Our indulgence of taboos gets its frisson from doing what we’ve been told not to do.

“If we can share our story with someone who responds with empathy and understanding,” Brown says, “shame can’t survive.” What better way to share your story than through sex? Who better to provide understanding than strippers, doms, and escorts? We’ve seen it all, and we’re not that shocked by you. We’ll put your shame in perspective.

People judge others for their sexual choices as if they could just get rid of their shame by displacing it, as if shame were a hot potato or the curse from It Follows. Yet shame is a ghost that will just keep haunting you if you don’t make a sincere effort to purge it. And wild hot deviant sex is the best kind of exorcism I know.

I already explored the topic of erotic humiliation with Princess Kali on the podcast last year, but there’s an important distinction to be made between erotic shame and erotic humiliation. Kinky humiliation is about submitting yourself to having your status lowered, through fun activities such as objectification, animal play, financial domination, domestic service, or exposure.

Shame, I think, has a meta-context. It’s an erotic urge: we’re driven by shame in the interest of absolution. Like a consumer seeking a product to fill a void that product marketing itself has created, some people who are driven by shame can end up in a compulsive and self-replicating cycle of dissatisfaction. I have seen people struggle when given the opportunity to release the grip that shame holds over their sex life; they’ve come to identify with that feeling, to connect it to pleasure, as if they must pay a shame tax in order to feel good.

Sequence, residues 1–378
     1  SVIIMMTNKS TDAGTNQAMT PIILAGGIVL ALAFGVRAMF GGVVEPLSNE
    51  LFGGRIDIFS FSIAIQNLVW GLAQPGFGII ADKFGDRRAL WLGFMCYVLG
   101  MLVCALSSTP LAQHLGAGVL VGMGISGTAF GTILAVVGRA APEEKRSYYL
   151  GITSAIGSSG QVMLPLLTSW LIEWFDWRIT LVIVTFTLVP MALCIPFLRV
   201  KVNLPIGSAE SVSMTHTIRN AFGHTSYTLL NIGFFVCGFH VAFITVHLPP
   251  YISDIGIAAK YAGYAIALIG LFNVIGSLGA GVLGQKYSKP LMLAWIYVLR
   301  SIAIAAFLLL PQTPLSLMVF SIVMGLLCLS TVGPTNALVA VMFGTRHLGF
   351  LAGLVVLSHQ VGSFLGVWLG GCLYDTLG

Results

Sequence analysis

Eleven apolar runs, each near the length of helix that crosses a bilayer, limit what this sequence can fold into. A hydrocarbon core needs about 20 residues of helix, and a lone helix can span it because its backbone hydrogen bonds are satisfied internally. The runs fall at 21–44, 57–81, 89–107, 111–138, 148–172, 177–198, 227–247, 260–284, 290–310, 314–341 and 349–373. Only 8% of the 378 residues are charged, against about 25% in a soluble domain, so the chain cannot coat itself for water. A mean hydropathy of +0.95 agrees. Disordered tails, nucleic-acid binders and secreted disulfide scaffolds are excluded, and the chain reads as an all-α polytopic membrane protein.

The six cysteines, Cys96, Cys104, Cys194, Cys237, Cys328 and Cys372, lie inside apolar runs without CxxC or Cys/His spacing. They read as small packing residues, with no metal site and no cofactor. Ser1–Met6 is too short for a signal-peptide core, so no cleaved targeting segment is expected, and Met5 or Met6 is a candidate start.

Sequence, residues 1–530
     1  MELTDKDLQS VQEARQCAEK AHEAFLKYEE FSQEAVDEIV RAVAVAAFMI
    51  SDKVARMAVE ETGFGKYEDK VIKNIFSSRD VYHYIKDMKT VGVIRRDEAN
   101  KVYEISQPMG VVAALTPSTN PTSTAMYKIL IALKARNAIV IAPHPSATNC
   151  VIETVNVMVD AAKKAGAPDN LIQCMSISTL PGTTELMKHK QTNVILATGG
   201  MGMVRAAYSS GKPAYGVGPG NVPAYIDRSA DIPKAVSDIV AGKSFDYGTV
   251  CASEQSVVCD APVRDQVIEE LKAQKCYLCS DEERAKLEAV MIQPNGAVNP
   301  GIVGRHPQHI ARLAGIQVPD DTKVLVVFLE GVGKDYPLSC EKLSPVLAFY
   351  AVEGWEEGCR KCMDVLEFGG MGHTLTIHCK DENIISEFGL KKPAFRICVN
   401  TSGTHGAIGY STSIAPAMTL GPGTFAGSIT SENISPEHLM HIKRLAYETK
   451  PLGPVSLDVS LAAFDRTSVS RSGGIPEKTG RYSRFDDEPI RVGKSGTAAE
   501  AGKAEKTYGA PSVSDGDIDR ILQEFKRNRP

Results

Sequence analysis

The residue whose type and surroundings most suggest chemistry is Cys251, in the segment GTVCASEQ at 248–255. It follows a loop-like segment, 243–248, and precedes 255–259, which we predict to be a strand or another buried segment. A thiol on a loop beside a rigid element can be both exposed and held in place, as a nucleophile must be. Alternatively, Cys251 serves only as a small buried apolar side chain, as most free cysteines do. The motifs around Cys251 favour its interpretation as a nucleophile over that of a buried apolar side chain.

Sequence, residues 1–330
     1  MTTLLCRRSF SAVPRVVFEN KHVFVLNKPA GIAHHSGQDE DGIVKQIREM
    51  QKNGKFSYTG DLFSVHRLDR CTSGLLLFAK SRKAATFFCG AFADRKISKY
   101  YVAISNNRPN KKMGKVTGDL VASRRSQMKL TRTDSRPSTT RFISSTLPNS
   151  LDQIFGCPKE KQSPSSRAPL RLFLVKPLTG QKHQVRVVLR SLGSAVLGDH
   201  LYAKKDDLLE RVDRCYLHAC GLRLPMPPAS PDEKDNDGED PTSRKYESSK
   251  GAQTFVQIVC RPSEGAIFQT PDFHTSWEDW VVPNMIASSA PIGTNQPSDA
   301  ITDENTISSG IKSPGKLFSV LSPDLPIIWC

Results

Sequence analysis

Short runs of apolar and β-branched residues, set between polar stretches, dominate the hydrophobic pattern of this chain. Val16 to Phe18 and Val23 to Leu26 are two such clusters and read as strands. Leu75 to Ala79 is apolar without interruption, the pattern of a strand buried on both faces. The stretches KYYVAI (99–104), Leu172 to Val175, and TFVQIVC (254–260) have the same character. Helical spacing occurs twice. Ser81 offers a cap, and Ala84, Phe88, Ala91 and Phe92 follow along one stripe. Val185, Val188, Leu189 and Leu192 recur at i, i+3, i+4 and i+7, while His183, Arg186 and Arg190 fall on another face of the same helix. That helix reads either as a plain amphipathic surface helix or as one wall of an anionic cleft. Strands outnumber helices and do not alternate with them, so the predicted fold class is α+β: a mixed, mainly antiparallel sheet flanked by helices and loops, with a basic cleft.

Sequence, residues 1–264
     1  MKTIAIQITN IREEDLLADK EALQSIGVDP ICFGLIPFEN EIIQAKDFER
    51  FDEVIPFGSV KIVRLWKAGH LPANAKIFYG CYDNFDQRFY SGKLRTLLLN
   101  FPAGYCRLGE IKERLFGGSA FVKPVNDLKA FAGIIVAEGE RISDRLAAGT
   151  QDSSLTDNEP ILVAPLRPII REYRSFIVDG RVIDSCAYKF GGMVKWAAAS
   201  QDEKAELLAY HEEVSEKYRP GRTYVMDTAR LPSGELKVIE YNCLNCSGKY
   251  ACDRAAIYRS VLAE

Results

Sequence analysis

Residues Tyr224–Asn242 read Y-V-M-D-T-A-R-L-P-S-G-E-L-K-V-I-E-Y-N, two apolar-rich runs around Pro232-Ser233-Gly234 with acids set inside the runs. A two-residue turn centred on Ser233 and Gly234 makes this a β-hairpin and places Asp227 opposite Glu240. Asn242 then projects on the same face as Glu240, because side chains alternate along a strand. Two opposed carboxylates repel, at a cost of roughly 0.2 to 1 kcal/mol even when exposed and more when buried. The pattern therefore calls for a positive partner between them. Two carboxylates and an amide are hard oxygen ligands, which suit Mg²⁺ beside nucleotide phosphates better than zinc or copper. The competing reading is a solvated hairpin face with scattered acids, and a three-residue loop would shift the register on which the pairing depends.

Seen another way, sex might be the perfect environment to make yourself vulnerable, to admit that you’re scared you’re not good enough. Sex gives you the chance to be seen, literally and metaphysically. What if someone sees you and lets you know you’re more than good enough? Or what if, in sex, someone can dig her claws into your shame, eviscerating it, laying it out before you where everyone can get a good look at it? Maybe, sometimes, with the right chemistry, seeing your own shame laid out before you might just cure you from being controlled by it.

People judge others for their sexual choices as if they could just get rid of their shame by displacing it.

Is a world without shame possible? Would we even like that world? With that tension released, would the filthy sex we love even be hot anymore? I don’t know, but in the meantime my project will be to concentrate on detoxing my own shame rather than tamping it down or projecting scorn onto others.

“I think we should harness shame and make it our bitch,” Antonia laughed, and I couldn’t agree more.

That’s the irony of a male strip revue producer distinguishing his “classy” show from “man whores. Being a whore is nothing to be ashamed of (and by the way, in my experience nobody displays more quality showmanship than whores). Shamers think they can avoid stigma by redirecting it, when it’s the very behavior of judging others for their sexual choices that should make shamers feel ashamed of themselves.